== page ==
One afternoon in late October, Kristen Y Kim, curator of contemporary art at the Los Angeles County Museum of Art, methodically mopped the gallery floor with her iPhone, providing an impromptu virtual tour of the new exhibit she’s attached to. The exhibition, “Black American Portraits”, was designed in honor of the late LACMA curator David Driskell’s 1976 exhibition “Two Centuries of Black American Art” and a sequel to portraits of Barack and Michelle Obama, by Kehinde Wiley and Amy Sherald respectively, currently on display at the museum as part of Their tour across the country. “Can you see this?” Aiming the lens at an angle, Kim says, she accidentally snaps herself through the front camera. Kerry James Marshall’s painting appears in the show. It lingers on the image of Diana Lawson. Museum staff think about it, installation works at hand, with brown paper clips as backup rolls for those not yet arriving.
This kind of digital mediation with art has become a must during the Covid-19 pandemic. But the disasters of the past twenty months and the national reckoning on race have necessitated a wholesale rethinking of how art is commoditized, nurtured, and experienced. The curtain of the art world, traditionally a bastion of high cultural power, was lifted, revealing the stitches and seams that held it together. “It highlighted how much the social landscape informs or expands discourse in the art world and that such events do not just occur in a political or activist bubble, but are part of the complex American story,” says Nicolas Fassel. A veteran of the influential Deitch Projects gallery of early 21st century New York, Wiley began his career. Fasil opened her own space in the High Wattage Exhibition District in Chelsea last May with a show by photographer Ming Smith. “We are at a unique crossroads to reimagine the present and history as something more multifaceted than a conqueror enjoying conquest.”
There was never a single art world, rather there were many constellations and microworlds with disparate centers of power and sub-cultural areas with financial influence. There are far too many museums that have not represented the communities they claim to serve; It is difficult to shake their history as colonial projects and racist exploitation. But Kim and Vassil are part of the vanguard of curators and filmmakers intent on reshaping museums and galleries in a more equitable and inclusive way.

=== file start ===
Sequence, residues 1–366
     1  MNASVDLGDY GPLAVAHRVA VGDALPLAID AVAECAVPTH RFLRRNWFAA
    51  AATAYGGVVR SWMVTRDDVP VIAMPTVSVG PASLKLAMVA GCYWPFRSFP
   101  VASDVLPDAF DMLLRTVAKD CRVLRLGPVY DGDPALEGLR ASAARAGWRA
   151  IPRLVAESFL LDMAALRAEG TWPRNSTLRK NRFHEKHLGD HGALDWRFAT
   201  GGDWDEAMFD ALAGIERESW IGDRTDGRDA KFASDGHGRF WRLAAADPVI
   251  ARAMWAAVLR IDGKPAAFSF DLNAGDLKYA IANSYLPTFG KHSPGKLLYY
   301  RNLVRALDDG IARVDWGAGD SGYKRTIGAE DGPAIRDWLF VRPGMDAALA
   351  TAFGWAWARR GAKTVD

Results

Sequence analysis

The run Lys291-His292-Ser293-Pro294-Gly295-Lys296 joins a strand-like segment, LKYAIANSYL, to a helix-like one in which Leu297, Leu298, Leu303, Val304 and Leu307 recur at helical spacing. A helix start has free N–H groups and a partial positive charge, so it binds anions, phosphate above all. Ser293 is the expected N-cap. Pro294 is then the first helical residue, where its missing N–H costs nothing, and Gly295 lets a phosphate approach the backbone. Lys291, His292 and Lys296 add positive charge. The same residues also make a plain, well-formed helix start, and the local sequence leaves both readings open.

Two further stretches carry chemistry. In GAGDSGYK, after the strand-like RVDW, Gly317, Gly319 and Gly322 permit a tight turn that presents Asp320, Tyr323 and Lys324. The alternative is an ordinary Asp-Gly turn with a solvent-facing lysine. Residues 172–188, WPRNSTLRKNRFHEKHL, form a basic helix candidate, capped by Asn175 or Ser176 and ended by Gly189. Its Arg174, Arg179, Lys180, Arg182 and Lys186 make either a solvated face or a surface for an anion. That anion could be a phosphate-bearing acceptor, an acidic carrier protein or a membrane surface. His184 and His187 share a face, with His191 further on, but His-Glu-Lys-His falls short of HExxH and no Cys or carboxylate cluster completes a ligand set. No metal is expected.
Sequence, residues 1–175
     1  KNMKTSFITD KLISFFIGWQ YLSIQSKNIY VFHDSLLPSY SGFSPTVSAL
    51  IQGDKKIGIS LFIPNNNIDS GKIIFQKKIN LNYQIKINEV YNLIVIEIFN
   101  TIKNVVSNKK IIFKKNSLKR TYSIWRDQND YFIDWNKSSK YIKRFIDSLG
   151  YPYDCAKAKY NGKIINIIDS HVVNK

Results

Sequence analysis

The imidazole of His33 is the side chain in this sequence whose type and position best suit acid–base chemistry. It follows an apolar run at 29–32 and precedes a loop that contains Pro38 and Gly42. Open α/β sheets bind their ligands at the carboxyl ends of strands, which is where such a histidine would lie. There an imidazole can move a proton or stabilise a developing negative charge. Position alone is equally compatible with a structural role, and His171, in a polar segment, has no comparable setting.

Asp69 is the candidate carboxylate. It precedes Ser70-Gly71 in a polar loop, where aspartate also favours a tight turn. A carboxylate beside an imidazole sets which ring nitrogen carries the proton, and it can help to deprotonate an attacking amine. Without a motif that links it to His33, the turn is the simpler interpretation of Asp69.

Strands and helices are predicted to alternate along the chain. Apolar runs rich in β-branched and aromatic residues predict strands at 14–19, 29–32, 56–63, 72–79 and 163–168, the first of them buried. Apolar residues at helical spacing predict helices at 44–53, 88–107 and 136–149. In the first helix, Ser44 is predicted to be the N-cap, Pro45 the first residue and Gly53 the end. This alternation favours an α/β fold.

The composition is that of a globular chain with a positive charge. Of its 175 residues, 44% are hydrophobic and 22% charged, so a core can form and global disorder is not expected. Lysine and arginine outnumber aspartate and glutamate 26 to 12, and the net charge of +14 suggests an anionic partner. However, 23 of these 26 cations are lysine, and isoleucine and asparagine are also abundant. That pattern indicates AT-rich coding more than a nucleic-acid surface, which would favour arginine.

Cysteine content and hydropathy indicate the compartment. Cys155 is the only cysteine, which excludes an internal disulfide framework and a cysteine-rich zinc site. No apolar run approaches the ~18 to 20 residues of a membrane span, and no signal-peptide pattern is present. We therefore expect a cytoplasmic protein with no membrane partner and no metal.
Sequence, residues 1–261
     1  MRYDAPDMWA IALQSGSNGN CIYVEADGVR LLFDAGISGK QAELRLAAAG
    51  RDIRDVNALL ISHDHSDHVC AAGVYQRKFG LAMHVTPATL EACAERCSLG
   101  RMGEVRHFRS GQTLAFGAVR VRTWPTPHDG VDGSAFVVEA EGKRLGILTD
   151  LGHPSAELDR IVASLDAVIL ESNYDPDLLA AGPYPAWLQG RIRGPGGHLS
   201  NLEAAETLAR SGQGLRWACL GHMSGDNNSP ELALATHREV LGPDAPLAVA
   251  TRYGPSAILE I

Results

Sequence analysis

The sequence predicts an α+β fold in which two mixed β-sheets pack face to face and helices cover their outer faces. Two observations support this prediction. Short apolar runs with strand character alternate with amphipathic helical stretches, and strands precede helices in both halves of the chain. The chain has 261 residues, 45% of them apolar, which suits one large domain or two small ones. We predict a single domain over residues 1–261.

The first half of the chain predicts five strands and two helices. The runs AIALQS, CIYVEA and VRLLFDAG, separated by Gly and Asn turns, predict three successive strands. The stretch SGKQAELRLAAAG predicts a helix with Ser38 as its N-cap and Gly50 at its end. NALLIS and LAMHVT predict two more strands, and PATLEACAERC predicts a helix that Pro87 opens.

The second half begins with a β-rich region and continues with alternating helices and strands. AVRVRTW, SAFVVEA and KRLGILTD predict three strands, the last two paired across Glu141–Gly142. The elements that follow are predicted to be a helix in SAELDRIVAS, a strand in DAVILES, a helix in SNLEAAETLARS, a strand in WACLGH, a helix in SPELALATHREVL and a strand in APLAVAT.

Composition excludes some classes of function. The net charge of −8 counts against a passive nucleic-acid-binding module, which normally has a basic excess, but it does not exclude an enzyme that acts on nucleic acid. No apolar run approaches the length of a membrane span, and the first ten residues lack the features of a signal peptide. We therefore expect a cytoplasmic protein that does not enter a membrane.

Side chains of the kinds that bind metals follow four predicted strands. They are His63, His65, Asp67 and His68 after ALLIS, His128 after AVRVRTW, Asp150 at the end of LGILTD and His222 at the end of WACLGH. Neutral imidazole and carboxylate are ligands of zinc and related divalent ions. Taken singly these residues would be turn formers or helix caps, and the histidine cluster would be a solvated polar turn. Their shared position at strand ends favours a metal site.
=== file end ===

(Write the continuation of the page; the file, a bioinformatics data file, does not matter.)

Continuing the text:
Kim, who came to LACMA in 2009 after nearly a decade at the Studio Museum in Harlem, was recently appointed curator of North American art at the Tate Modern in the UK as institutions struggle to find their way forward, Kim says, from Among other things, you’d like to see the hiring of artists with less formal training and more transparency than board members, trustees, and others in positions of authority. “More artists from underrepresented communities, more examination of complex social issues, more representation of incarcerated or imprisoned artists,” she says, marking her post-pandemic wish list. “More of everything.”
There is little desire to “return to normal”. According to the Artnet Price Database, a comprehensive archive of auction results over the past three decades, of the $180 billion in artwork sold in the global auction market between 2008 and 2018, only $2.2 billion, or 1.2 percent, were from by American artists of black origin. And one artist, Jean-Michel Basquiat, took $1.7 billion of that total. Latinos make up nearly 20 percent of the US population, but institutions in the country have been slow to acknowledge their cultural contributions. A 1994 internal study conducted at the Smithsonian Institution described exclusion as “deliberate” and “systematic.” In December 2020, after decades of lobbying, Congress finally approved the creation of a National Latin Museum in Washington, DC, and artists of color are still far less likely to obtain their work from museums for their permanent collections.
Last summer, New York-based critic and curator Antoine Sargent, who was appointed director of the giant Gagosian Gallery last winter, unveiled “Social Works,” an expanded group show at Gagosian’s groundbreaking gallery Chelsea that explored the relationship between space and social connection. Practice and exhibit the work of black creatives such as Theaster Gates, Lauren Halsey, and Sir David Adjaye. “Everything happening now and in the last year is great, but it’s still incredibly lopsided,” Sargent says. “Correcting requires that you only collect black art for the next four hundred years to correct this—exclusively. The absurdity of that shows you the absurdity of this current predicament.”